Throughout the process, our partner Mutabor supported us in engaging in an open dialogue within our company and also appreciated the feedback received. Together we defined and prioritized the areas where changes were still needed.

Image: Brand evolution process

Towards the launch

While getting closer to the launch, we kept on communicating about the status quo. After the summer, there was a brief update on the schedule to remind people about the ongoing evolution. Eventually, getting everything ready for the launch was so hectic that having the people participate at this stage did not improve the process or the outcome anymore. Luckily we had heard so many people along the way that we felt confident about the direction the brand evolution had taken.

Since making the brand easy to use and access was one of our main goals, we needed a solution to make it possible – a brand management platform. We ended up going with Frontify. Managing a brand with several hundred users would not have been possible without such a well-working, scalable tool. Now our brand strategy, design elements, asset libraries, decks and key communication guidelines are all collected in one place, which saves time for all users.

Finally, it was time to launch the brand evolution outcomes, the guideline built in Frontify and all the various brand assets we had produced.

The launch and life after

We decided early on not to have a big bang of a launch but rather a smooth transition into the new look and feel with a new website, digital marketing assets and sales materials. For it to actually be smooth, we realized it would require empowering all Futuriceans to use the evolved brand assets.

The key to making this happen was, again, all about internal communication. We wanted to repeat the message of the evolution process being conducted so the brand would better serve our people: that it be readily available, easier to use and more clearly distinguish Futurice from the competition. What surprised us was that since we had so many of our people participate, the brand evolution work was exceptionally well received. People felt they had seen the material already, been kept aware of the process and heard.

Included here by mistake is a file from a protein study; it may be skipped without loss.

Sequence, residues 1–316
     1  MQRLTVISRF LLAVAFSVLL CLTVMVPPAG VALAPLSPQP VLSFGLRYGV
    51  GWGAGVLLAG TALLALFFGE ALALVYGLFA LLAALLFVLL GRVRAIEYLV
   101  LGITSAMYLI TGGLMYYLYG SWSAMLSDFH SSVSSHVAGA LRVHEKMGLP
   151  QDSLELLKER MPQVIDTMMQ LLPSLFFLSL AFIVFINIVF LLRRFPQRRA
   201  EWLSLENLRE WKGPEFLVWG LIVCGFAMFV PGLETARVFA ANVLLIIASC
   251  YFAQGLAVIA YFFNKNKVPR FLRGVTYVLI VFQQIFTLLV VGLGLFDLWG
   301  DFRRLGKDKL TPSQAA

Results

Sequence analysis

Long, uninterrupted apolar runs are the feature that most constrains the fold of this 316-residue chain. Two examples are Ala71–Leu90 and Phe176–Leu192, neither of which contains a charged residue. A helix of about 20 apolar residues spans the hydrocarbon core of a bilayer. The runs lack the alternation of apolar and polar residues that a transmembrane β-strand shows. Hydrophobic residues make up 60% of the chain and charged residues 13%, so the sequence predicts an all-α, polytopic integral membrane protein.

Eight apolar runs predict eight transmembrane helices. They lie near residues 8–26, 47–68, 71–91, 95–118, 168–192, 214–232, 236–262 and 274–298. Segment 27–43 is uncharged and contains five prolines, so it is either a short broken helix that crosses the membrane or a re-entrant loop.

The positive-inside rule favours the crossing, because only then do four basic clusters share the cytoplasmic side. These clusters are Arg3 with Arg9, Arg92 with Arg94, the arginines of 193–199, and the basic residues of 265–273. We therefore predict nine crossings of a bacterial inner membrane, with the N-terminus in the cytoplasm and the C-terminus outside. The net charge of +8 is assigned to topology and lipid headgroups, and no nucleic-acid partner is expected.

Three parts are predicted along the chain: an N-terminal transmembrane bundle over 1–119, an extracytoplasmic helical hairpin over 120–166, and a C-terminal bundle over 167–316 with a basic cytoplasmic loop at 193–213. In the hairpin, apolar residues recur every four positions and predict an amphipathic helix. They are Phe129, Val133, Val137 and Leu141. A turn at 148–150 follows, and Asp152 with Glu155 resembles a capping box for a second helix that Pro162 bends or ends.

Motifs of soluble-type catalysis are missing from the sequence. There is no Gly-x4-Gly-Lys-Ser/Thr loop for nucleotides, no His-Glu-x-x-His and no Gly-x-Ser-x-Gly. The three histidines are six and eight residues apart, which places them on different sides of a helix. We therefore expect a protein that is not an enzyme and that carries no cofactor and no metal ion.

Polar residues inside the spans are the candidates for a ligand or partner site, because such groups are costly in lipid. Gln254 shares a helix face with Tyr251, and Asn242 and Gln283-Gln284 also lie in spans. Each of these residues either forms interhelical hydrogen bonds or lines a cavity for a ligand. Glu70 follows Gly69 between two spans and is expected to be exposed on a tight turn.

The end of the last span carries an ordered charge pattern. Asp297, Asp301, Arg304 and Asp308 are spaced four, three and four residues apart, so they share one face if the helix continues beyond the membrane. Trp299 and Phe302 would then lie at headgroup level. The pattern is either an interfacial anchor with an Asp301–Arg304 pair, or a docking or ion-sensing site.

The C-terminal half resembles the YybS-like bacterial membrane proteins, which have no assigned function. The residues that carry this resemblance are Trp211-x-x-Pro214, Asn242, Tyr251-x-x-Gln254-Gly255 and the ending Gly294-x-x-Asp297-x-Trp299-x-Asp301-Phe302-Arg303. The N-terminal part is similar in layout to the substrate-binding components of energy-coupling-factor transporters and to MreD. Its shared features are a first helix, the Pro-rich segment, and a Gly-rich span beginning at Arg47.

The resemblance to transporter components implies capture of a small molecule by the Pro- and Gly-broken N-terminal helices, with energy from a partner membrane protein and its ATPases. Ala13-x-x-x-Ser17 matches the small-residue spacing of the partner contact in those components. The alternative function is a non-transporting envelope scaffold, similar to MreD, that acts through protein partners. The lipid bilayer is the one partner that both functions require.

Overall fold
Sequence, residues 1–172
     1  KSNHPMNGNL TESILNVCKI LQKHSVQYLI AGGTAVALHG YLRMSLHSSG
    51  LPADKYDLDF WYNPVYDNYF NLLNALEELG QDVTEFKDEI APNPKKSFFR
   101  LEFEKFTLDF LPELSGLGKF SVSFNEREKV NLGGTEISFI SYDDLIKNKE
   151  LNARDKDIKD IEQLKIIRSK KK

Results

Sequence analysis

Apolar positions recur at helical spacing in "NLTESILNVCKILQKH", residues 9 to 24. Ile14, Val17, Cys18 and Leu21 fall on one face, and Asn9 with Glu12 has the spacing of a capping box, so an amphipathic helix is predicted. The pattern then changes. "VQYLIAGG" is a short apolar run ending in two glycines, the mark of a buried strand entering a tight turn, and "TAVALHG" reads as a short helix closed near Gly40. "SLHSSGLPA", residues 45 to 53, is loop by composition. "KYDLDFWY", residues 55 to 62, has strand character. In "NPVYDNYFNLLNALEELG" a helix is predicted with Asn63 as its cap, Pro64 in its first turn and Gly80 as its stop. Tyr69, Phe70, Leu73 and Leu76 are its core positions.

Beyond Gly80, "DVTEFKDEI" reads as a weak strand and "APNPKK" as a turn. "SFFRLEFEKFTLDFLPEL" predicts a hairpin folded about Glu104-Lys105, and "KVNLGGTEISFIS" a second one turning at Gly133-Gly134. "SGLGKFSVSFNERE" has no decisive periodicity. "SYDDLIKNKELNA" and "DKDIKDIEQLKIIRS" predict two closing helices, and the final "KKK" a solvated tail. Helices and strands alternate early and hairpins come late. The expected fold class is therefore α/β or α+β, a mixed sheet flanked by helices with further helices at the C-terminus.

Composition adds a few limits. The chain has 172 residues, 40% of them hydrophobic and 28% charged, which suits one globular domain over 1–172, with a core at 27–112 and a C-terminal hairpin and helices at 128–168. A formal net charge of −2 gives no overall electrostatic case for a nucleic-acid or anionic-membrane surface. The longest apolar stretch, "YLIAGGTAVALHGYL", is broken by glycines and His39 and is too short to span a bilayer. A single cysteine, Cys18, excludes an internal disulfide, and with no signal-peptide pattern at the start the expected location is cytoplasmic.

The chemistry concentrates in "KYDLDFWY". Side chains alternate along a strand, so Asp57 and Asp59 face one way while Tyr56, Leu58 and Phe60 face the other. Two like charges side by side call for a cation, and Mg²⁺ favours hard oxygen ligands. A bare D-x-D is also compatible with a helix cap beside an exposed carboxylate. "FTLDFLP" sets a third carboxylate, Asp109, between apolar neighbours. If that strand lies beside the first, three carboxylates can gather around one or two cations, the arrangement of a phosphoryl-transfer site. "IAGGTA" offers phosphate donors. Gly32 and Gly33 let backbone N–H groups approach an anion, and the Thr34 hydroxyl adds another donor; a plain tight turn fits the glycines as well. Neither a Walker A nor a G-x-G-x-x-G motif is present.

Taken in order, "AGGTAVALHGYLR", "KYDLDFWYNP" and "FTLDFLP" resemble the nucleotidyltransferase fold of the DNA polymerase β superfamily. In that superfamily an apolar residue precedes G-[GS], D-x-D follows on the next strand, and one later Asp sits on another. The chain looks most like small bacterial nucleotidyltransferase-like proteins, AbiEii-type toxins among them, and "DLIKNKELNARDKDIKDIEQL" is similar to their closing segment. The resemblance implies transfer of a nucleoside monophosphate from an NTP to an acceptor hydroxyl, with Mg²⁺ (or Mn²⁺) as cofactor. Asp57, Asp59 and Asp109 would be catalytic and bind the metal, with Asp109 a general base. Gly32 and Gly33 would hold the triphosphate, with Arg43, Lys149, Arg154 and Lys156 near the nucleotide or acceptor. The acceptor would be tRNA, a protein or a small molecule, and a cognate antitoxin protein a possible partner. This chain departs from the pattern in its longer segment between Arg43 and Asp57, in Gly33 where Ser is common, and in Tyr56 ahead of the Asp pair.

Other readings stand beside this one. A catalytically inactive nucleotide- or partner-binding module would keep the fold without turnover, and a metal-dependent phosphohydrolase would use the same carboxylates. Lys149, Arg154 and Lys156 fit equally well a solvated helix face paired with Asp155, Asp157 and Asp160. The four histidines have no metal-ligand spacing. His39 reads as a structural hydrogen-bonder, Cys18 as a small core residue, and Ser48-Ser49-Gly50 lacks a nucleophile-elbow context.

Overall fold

Since we had recognized the deck as a pain point for many of our people, we specifically provided support and training in transitioning to the new deck template. We also set up a #brand_aid slack channel for any brand-related questions.

Traditionally, the Futurice onboarding process hasn’t included anything about our brand, and we wanted to change this. After the launch, we organized several onboardings on the brand itself, on the use of Frontify and the features of the deck template. So far, we have trained several hundred Futuriceans in the evolved brand and have had several hundred Futuriceans visit Frontify. In the future, the brand will also be included in the global onboarding of new people.

Closing words

Even though leading a transparent brand evolution can sometimes be scary, it comes with great rewards. We have now seen that people better accept changes to the brand when they are already somewhat familiar with them and feel they have been part of the process. The buy-in has already been gained along the way, and the pressure is not on the launch anymore.

It is also important to bear in mind that leading a transparent and participative brand evolution process is a two-way street, so the iterative process continues after the launch. We receive requests and feedback on the #brand_aid slack channel, and many have already been taken into production or added to our backlog. We have found this helpful. Since our people use the assets, they know best what works and doesn’t. Continuous improvement is one of our key values so the evolution journey of the Futurice brand continues.

Read what Finnish marketing media outlet, MarkkinointiUutiset wrote about the brand launch here (article in Finnish).


  • Portrait of Sanni Tiivola-Jurvainen
    Sanni Tiivola-Jurvainen
    Brand Manager
  • Portrait of Simone Mitterer
    Simone Mitterer
    Global Head of Brand and Communications, Germany